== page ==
Charles Payne is a Wall Street veteran with over 30 years of experience as a broker and analyst, and has a new show on Fox Business called Making Money with Charles Payne that airs every weekday at 6 p.m.
I had a chance to catch up with Charles last week, and he had some important things to say about investing as the S&P 500 continues to set record highs — and why, in his words, “a crash is not the end of the world.”
Charles takes a long view on investing and has some great insights about how to find opportunity in this market, how to plan for the long term and how to avoid common investing mistakes to protect your profits in this tough environment.
Here’s the full audio of the interview, along with a transcript of the Q&A:
Jeff: You’ve been around the block, what’s different about this market, do you think, than other markets? The indexes keep setting new highs, but some investors are just kind of doubtful about that. What’s your take on it? Will the rally last?
Charles: I think it’ll last. To your point, you’re question actually contained a lot of the answers. What’s different about it? It’s probably the most stealth rally in the history of the market and it’s probably the most hated stock market rally ever. Many investors have missed it — and while it’s heartbreaking on one hand, I think it’s one of the reasons it probably will continue. Listen, we know it’s been a long time since we pulled back and we’re overdue for a correction. That kind of stuff happens in the market from time to time. But I think overall where we’re going, I feel pretty good about the fundamental under pennies of this rally.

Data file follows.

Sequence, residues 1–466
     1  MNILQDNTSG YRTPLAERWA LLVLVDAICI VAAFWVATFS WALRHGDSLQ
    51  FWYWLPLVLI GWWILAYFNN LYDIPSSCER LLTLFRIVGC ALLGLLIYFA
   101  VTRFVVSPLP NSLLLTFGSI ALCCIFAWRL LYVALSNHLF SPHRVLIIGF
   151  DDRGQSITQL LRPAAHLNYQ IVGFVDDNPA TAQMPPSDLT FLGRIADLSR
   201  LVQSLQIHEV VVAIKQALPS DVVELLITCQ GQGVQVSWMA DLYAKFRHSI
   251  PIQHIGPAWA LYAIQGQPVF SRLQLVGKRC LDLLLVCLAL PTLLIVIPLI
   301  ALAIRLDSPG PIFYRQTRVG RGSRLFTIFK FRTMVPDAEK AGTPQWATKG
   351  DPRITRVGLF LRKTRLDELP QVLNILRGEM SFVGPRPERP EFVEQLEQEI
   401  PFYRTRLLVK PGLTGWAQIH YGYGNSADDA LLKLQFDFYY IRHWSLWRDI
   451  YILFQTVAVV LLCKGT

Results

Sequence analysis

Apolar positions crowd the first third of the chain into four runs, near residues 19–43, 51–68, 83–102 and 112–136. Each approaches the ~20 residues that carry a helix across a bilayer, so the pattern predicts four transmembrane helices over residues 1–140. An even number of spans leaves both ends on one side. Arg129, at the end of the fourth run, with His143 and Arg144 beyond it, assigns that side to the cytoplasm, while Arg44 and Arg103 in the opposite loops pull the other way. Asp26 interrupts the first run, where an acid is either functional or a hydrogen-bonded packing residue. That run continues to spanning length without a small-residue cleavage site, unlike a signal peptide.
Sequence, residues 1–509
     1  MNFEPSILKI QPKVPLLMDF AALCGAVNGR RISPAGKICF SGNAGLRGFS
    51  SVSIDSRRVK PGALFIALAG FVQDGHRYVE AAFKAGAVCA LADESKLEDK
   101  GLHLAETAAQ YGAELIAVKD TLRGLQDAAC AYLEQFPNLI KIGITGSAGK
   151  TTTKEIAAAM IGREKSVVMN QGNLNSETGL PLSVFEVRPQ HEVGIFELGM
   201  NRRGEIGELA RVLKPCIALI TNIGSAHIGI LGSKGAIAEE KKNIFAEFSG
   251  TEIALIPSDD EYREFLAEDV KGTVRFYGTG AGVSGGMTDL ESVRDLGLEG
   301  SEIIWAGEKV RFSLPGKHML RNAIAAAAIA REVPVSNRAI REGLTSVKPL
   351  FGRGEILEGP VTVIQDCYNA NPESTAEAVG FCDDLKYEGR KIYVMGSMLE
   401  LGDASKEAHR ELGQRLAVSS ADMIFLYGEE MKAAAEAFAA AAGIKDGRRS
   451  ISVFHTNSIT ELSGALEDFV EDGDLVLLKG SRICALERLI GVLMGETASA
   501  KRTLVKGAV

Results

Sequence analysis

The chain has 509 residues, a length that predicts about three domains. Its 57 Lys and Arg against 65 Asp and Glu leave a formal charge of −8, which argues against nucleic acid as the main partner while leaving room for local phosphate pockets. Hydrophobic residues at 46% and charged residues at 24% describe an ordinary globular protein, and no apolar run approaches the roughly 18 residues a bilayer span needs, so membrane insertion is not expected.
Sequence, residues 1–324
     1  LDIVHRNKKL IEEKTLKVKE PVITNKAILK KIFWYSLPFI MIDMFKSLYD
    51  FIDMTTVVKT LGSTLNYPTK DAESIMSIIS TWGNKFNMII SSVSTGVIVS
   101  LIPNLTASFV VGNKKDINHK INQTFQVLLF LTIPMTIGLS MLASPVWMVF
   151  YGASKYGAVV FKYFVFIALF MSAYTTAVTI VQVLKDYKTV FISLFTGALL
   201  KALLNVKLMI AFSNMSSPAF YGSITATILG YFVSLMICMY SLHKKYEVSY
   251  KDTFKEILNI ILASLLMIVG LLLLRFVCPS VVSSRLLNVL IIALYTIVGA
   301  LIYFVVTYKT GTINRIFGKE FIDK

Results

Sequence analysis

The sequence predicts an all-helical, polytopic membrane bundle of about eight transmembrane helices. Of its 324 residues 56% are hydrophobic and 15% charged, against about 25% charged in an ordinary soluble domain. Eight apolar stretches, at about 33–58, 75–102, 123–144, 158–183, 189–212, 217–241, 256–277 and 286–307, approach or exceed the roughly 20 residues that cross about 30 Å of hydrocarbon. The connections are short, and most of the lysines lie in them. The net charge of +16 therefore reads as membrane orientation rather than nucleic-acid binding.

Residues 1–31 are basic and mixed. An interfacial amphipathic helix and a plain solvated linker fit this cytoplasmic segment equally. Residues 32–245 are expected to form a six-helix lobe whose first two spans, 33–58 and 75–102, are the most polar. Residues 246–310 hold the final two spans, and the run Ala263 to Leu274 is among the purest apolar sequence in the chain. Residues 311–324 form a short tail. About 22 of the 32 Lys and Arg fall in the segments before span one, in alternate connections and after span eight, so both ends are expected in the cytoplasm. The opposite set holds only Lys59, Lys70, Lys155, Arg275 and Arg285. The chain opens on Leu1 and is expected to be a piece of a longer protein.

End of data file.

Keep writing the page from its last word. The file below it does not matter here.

Jeff: So an important distinction is that a pull back is different than a crash? So even if we see a bit of cooling off, it’s not the end of the world, right?
Charles: Even a crash is not the end of the world, and I think that needs to be made clear. Think about how many people have missed a rally because they were afraid of the next leg down. Remember March 2009, Dow was 6,600. People said, “This is nothing, wait until the next leg down, wait until this happens, wait until commercial real estate- that’s going to crash. Wait until everything else collapses then you can look to buy the Dow at 3,000!” So you miss 10,000 points, who knows, maybe you’ll end up missing 11000, 12000 points and then you get a correction and we get back 4000 of it. It wasn’t worth it.